Sterling reaches 4-month high amid prospects of Bank of England cut interest rates

(MENAFN) On Thursday, the British pound surged to its highest level in four months, reaching USD1.2864, following remarks from bank of England policymakers that tempered expectations of an imminent interest rate cut in August. The cautious optimism in the markets was fueled by statements emphasizing that price pressures remained, suggesting a more balanced approach towards monetary policy.

Conversely, the US dollar weakened ahead of the anticipated US inflation report later in the day. The Australian dollar also saw gains, climbing 0.16 percent to USD0.6758, reaching its peak since January at USD0.6763 earlier in the session. Similarly, the euro showed slight gains against the dollar, trading at USD1.0836, while the dollar index held steady at 104.91 against a basket of major currencies.

Investors are eagerly awaiting the US inflation data, with expectations forecasting a 0.2 percent month-on-month increase in core inflation for June, pushing the annual rate to 3.4 percent. These figures are pivotal as they influence market expectations regarding the Federal Reserve's future monetary policy decisions.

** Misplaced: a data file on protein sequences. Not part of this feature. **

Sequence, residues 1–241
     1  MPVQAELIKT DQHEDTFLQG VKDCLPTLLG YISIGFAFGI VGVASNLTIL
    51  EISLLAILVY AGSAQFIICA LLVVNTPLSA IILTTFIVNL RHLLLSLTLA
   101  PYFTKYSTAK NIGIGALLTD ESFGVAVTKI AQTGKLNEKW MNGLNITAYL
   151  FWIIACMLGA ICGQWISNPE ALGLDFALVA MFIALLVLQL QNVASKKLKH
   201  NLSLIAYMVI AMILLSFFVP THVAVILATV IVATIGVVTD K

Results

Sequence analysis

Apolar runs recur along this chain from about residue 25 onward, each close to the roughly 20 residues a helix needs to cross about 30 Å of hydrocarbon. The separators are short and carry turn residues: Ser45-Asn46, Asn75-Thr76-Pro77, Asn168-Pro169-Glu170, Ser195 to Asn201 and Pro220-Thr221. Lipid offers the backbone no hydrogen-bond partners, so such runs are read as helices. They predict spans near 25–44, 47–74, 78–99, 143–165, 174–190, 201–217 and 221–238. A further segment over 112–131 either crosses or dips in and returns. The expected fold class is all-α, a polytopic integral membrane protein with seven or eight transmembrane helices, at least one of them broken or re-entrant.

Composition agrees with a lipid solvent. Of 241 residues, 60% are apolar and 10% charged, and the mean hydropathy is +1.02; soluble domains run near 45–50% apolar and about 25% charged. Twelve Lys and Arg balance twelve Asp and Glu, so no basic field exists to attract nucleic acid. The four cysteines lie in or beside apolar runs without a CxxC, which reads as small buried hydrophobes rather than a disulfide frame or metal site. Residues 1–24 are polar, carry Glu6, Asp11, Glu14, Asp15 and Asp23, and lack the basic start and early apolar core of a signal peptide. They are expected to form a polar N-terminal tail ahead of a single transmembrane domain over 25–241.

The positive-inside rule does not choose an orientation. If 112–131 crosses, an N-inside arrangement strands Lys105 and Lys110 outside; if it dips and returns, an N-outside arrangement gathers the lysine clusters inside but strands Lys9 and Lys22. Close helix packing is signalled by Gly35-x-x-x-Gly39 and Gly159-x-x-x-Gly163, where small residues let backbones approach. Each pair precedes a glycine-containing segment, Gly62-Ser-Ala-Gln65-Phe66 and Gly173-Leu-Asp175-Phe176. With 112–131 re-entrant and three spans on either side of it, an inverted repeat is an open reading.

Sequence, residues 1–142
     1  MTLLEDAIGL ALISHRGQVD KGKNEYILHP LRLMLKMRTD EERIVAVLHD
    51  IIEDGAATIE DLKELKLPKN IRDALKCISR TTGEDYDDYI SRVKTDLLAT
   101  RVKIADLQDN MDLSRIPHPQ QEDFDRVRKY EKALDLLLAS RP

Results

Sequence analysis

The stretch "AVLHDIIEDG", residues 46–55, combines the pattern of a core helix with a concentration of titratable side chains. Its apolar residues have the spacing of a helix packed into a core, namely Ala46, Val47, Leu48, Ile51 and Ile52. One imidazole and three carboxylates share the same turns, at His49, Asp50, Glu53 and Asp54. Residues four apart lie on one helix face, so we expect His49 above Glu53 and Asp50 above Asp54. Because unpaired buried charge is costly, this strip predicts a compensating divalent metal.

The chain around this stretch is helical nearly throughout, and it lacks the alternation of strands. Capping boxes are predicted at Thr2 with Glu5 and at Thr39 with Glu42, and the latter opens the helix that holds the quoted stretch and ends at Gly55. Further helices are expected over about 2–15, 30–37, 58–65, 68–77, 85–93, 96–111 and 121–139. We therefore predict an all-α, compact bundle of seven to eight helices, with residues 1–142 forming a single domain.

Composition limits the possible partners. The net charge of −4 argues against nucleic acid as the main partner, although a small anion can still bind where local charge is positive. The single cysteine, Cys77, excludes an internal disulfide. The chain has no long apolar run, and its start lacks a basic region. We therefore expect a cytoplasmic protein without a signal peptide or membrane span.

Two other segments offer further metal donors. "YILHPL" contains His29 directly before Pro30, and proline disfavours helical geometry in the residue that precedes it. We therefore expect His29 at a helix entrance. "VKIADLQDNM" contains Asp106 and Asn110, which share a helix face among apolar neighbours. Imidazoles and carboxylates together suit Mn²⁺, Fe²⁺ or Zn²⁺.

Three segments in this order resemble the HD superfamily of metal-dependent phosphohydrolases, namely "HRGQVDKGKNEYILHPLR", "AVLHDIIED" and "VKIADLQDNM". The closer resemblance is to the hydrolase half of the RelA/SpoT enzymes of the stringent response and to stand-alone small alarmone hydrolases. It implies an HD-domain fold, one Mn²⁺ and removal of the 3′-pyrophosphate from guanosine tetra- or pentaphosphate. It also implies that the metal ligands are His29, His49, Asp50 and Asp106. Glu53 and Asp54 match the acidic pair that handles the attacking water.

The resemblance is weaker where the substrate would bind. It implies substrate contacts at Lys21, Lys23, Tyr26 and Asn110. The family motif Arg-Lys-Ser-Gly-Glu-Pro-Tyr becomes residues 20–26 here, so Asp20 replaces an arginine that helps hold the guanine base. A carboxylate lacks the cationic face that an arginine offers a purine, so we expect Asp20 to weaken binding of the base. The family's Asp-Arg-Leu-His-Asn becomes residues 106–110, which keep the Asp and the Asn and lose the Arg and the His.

Market sentiment, as reflected in the CME FedWatch tool, indicates a heightened probability of over 70 percent for a rate cut by the Federal Reserve in September, up from around 50 percent just a month ago. Federal Reserve Chairman Jerome Powell underscored the central bank's commitment to making interest rate decisions based on economic indicators, dismissing speculation that any rate cut in September could be influenced by political considerations ahead of the upcoming presidential election.

Elsewhere in the currency markets, the New Zealand dollar recovered slightly, rising 0.2 percent to USD0.6096. This rebound followed a previous session where it fell 0.7 percent in response to a dovish tone in the Reserve Bank of New Zealand's recent monetary policy statement.

Meanwhile, the Japanese yen continued its decline, affected by the substantial interest rate differential between the United States and Japan. In the latest trading, the yen was quoted at 161.67 against the dollar, near its lowest level in 38 years, highlighting ongoing currency dynamics driven by monetary policy disparities between the two economies. 



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